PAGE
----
GMO corn test starts in Ethiopia

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Genetically modified maize dubbed ‘Water Efficient Maize for Africa (WEMA)’ has been planted at Melkassa Agricultural Research Center on a trial basis and if successive trails bring about good results it will be commercialized.  Currently the Maize has been planted on one confined hectare. The plants are being supervised by the National Biosafety Advisory Committee. There are plans for more trails over the next five years.
The GMO seed which came from, Monsanto an American agrochemical and agricultural biotechnology corporation will also be planted in Bako Agricultural Research Center located at Wellega.
WEMA introduced its first TELA brand white maize hybrids developed using biotechnology in South Africa in October 2016 to address insect pest challenges. Insect-protected maize has been grown widely in other areas of the world for about two decades. TELA brand hybrids are intended to be introduced (pending regulatory approvals) in other African countries within the next few years.
Getnet Worku, an expert at the National Biosafety Advisory Committee told Capital that the main aim of the trail is to how well the GMO maize resists drought and the insects.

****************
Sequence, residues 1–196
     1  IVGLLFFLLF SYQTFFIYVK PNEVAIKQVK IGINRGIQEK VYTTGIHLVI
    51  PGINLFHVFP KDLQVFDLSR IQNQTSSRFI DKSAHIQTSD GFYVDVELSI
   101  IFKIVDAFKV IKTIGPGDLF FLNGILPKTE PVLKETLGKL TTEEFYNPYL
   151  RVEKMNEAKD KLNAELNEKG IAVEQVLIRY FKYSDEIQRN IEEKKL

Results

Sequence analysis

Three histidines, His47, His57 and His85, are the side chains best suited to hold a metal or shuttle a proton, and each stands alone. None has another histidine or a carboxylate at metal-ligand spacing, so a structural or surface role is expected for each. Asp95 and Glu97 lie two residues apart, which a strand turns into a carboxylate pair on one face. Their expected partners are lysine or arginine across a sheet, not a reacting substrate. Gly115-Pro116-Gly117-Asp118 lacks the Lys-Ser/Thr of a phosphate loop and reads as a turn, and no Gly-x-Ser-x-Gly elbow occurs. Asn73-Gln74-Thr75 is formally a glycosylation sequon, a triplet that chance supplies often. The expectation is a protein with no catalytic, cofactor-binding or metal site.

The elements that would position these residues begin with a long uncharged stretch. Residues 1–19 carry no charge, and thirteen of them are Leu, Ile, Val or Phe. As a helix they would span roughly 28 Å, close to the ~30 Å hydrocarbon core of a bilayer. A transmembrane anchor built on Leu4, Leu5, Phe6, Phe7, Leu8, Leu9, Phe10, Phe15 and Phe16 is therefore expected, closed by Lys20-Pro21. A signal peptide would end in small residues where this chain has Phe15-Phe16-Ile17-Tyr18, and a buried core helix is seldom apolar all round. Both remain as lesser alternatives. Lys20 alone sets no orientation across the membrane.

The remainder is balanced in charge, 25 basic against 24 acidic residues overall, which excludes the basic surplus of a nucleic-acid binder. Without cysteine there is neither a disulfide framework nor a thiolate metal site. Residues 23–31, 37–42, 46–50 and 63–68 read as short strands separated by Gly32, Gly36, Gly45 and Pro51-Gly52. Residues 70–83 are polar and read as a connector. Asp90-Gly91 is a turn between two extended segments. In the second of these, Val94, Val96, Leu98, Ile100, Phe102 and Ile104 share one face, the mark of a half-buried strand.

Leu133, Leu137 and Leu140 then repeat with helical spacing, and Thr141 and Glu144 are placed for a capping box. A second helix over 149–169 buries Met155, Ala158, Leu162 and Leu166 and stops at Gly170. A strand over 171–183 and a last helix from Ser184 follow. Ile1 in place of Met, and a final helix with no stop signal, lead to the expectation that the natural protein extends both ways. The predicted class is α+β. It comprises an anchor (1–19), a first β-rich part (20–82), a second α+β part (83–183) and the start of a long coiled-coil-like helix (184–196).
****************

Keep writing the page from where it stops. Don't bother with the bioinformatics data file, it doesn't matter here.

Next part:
“We need to upscale our maize production and the best way is to use a better seed which both resists water shortages and insects. If we get positive results on the trail we will carry out more over the next five years. If the seeds don’t have a problem with the environment and soil we will used them commercially.”
Drought TEGO hybrids have positively impacted the lives of approximately 250,000 sub-Saharan African farming families and more than 1.5 million people.
Conventional WEMA varieties already have been introduced onto the market in target countries, Tanzania, Uganda, Kenya, South Africa and Mozambique except.
In 2016, South Africa became the first project country to commercialize GMO maize for use by smallholder farmers. Mozambique hopes to release the WEMA maize as the country’s first genetically modified organism
Maize is one of Ethiopia’s most important cereals in terms of production; grown by about 8 million farmers. A primary challenge of the Ethiopian maize value chain is access to quality improved maize seeds, which substantially impacts the productivity of smallholder farmers. Also, once harvested, maize is extremely vulnerable to significant postharvest losses due to mold, vermin and theft. Over 17 million quintals of maize are produced annually from about a million hectares of land since 1985
Water Efficient Maize in Africa is led by the African Agricultural Technology Foundation (AATF), and funded by the Bill and Melinda Gates Foundation, the Howard G. Buffett Foundation and the United States Agency for International Development (USAID).